Due to limited swab and testing supplies, PSMC uses the following criteria for testing: patients with symptoms (e.g., fever, cough, shortness of breath) and are either hospitalized, health care workers, first responders, or meet certain epidemiological criteria.
Pagosa Medical Group (PMG) is now working with a private lab and is offering tests to symptomatic patients of all ages.
Dr. Dave Shaeffer of PMG reported to The SUN Wednesday morning that PMG has done 26 tests. Of those, 15 have come back negative and 11 are pending.
For more on how to be tested at PMG, visit https://pagosamedicalgroup.com/ or Pagosa Medical Group on Facebook.
Stay-at-home order
According to the state’s website, under the order, you should stay home as much as possible except for critical activities including:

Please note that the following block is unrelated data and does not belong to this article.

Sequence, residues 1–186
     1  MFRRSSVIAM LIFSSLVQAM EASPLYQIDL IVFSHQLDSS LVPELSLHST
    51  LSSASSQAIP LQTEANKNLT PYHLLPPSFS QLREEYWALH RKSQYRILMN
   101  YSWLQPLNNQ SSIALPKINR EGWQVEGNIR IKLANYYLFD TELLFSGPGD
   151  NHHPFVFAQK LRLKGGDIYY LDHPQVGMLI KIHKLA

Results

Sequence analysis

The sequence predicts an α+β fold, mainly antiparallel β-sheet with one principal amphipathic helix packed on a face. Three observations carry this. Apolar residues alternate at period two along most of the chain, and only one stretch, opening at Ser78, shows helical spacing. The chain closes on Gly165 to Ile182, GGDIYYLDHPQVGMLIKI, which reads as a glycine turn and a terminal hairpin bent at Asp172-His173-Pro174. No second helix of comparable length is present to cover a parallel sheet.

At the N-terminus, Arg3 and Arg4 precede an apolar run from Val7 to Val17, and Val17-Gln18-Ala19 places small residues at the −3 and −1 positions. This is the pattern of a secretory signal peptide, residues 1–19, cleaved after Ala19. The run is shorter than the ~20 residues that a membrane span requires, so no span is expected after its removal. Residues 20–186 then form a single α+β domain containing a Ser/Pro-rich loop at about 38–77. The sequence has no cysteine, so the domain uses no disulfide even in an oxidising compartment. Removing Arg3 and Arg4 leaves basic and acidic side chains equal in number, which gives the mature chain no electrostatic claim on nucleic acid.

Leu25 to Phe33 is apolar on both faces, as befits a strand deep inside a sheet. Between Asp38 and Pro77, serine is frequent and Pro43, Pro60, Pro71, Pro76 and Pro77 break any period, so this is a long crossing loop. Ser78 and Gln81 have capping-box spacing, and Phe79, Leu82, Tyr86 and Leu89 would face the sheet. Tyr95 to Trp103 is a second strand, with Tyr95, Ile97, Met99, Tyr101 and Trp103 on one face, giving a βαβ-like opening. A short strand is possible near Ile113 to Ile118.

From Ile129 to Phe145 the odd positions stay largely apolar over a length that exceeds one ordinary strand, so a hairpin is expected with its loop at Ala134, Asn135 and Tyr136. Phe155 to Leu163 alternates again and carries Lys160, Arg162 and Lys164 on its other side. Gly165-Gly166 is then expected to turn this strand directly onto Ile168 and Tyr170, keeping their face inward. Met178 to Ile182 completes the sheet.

• Obtaining food and other household necessities including medicine.
• Going to and from work if you are a critical employee.
• Seeking medical care.
• Caring for dependents or pets.
• Caring for a vulnerable person in another location.
• Participating in outdoor recreation at a legally mandated safe distance of 6 feet or more from other parties.
While outdoor recreation and going to essential businesses are allowed under the stay-at-home order, residents are urged to be vigilant about maintaining the needed distance while out and about, with the order stating, “All individuals currently living within the State of Colorado are ordered to Stay at Home whenever possible. Individuals living in shared or outdoor spaces must at all times, to the greatest extent possible, comply with Social Distancing Requirements, and may leave their Residences only to perform or utilize Necessary Activities.”
New advice on face
coverings